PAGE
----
How many times have you approached the Union Budget with immense expectations and come back empty handed? The action lay elsewhere. There were important announcements but not directly related to putting more money in your pockets.
Not this time.
The Union Budget 2023 was action-packed. So many announcements that directly impact the middle-class taxpayer. I list some of the budget proposals directly impacting the taxpayers.
- Lower tax rates under the new tax regime.
- Traditional plans with annual premiums over Rs 5 lacs brought under the tax net.
- Taxpayers set off long term capital gains by purchasing a residential property. Set-off limits under Section 54 and Section 54F are now capped.
- Increase in investment cap under Senior Citizens savings scheme (SCSS) from Rs 15 lacs to Rs 30 lacs.
- Increase in Tax collection at Source (TCS) for remittance under LRS for travel and investments abroad.
- Adverse tax changes for REITs and Market-linked debentures
All of the above changes are not favourable but the unfavourable ones mostly affect the HNIs.
Not possible to cover this wide range of topics in a single post. Hence, will cover some of these over the next few weeks. In this post, I focus on the most important one, the changes to the tax structure in the new tax regime.
Now that the new tax regime has been made more attractive, does it make sense for you to switch from the old tax regime to the new regime?
What are the new tax slabs?
The tax rates have not been changed under the old tax regime (Higher tax rate but deductions).
The changes are only for the new tax regime (lower tax rates without deductions).
Incentives for the New Tax Regime
- Enhancement of minimum exemption limit from Rs 2.5 lacs to Rs 3 lacs
- The eligibility of rebate under Section 87A enhanced from Rs 5 lacs to Rs 7 lacs if opting for the new tax regime. This ensures no taxes if your income does not exceed Rs 7 lacs.
- Lower tax rates
- Standard deduction of Rs 50,000 is now allowed for Salaried persons and pensioners. Was not permitted earlier.
- Surcharge for income over Rs 5 crores reduced from 37% to 25%, if opting for the new tax regime.
- New tax regime shall be the default option.
No taxes if the income is up to Rs 7 lacs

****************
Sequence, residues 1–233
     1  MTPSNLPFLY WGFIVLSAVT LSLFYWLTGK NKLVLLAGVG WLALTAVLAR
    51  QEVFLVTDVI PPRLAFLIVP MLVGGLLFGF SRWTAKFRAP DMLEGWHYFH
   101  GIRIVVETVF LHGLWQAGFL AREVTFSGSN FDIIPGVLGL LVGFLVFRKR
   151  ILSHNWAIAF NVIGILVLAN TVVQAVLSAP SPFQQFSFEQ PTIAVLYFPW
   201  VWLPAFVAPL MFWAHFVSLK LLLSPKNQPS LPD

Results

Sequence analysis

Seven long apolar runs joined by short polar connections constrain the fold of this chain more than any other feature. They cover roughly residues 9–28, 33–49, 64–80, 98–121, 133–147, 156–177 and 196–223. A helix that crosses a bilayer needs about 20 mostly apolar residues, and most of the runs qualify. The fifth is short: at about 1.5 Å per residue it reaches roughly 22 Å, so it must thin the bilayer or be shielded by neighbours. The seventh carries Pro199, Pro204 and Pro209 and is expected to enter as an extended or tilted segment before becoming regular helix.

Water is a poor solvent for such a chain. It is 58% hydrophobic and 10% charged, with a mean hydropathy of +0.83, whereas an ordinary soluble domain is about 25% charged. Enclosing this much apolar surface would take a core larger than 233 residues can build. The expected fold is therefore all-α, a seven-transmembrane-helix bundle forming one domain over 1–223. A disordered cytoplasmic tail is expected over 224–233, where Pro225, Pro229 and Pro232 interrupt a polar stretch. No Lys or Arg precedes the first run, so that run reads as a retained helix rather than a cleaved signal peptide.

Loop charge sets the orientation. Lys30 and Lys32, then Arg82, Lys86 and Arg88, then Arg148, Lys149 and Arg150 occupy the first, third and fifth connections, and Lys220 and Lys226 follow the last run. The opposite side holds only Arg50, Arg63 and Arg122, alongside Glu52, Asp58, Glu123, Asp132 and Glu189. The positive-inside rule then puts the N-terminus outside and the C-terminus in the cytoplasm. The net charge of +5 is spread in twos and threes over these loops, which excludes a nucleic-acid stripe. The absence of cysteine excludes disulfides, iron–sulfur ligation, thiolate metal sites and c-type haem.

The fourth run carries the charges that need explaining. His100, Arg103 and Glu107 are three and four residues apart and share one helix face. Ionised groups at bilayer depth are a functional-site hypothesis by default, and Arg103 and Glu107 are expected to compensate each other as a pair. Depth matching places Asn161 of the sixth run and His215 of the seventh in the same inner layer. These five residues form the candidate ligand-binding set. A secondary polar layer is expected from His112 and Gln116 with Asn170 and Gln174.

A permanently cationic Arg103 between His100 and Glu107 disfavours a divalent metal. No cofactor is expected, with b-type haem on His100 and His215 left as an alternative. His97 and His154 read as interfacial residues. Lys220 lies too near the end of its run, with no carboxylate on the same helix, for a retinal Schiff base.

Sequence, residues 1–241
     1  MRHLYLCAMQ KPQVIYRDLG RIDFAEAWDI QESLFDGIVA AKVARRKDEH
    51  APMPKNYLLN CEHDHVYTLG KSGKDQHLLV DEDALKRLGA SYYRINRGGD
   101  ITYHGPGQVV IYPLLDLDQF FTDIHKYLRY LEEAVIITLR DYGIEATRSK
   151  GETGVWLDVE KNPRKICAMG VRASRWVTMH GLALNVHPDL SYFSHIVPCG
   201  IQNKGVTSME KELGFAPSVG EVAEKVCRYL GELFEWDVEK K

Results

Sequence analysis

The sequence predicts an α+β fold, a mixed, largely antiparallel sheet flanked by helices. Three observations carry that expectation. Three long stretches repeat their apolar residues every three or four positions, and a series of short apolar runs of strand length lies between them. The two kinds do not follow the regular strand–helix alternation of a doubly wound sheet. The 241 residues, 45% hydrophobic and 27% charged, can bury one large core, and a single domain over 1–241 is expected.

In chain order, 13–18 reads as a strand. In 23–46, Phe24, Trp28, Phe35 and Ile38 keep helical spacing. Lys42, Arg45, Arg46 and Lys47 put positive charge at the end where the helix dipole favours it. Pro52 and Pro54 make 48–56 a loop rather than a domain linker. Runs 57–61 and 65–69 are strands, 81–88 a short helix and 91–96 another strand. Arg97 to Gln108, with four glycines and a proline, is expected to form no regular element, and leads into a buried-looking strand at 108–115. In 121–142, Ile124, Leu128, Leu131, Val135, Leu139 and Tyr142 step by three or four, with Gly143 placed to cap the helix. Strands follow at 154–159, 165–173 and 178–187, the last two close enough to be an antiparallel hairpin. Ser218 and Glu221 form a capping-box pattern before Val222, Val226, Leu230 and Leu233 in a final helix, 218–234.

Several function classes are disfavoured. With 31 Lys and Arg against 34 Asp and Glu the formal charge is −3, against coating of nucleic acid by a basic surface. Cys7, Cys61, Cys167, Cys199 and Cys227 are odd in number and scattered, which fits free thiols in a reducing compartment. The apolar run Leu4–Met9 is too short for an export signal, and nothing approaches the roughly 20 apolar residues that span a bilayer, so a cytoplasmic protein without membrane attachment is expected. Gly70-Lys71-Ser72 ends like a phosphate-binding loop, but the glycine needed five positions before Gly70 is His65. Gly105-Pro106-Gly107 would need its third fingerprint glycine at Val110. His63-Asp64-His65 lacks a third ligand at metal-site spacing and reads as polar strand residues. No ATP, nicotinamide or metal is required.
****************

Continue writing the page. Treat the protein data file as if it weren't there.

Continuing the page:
If you opt for the new tax regime and if your income is up to Rs 7 lacs, you do not have to pay any tax.
How does this happen?
Through a provision under Section 87A.
Under Section 87A, you are eligible for a rebate of up to Rs 25,000 (earlier Rs 12,500) if the total income does not exceed Rs 7 lacs (earlier Rs 5 lacs). This change is only for the New tax regime.
So, let’s say your income is Rs 6.5 lacs. As per the revised tax slabs/rates, your tax liability will be Rs 20,000. However, since the income is below Rs 7 lacs, you will be eligible for a rebate of Rs 20,000. Lower of (Rs 20000, 25000). Hence, zero tax liability.
If you are a salaried employee or a pensioner, you can also take standard deduction. This will push the tax-free limit to Rs 7.5 lacs.
Note: The rules have not been changed for the old tax regime. Under the old tax regime, the rebate is still capped at Rs 12,500 if the income does not exceed Rs 5 lacs.
For determination of total taxable income, it is not just your salary that is counted. The capital gains or interest income or any other taxable income must also be added to calculate the total income. Even the LTCG on equity/equity funds of up to Rs 1 lac must be added since it is not exempt income but taxable income on which no tax must be paid.
Relief for High Income Earners
If you earn really well, the Government asks you to pay more taxes. The tax slabs don’t change but the surcharge kicks in.
Above 50 lacs: 10%
Above Rs 1 crores: 20%
Above Rs 2 crores: 25%
Above Rs 5 crores: 37%
Thus, if your taxable income is more than Rs 5 crores, your tax rate for your entire income above Rs 10 lacs is 30% * (1+37% surcharge) * (1 + 4% cess) = 42.77%
The Government proposes a change here.
For income above Rs 5 crores, the surcharge shall be reduced from 37% to 25%, but only if you opt for the new regime. This reduces marginal tax rate = 30% * (1+25% surcharge) * (1+4% cess) = 39%
No change in surcharge rate for the old tax regime. And the rate of surcharge remains 37% if the total income is more than 5 crores.
Clearly, for such taxpayers with annual income above Rs 5 crores, new tax regime is an easy choice irrespective of the tax deductions taken.
How better is the Proposed New Tax Regime compared to the Existing New Regime?
The following illustration demonstrates the impact for salaried taxpayers.
Since the benefit of standard deduction is available only to salaried employees and pensioners, the difference will reduce for professionals.
What should you pick: New Tax Regime or the Old Tax Regime?
Now to the real question.
Between the old and the new tax regime, which one should you pick?
The new Tax regime has lower tax rates but does not allow deductions.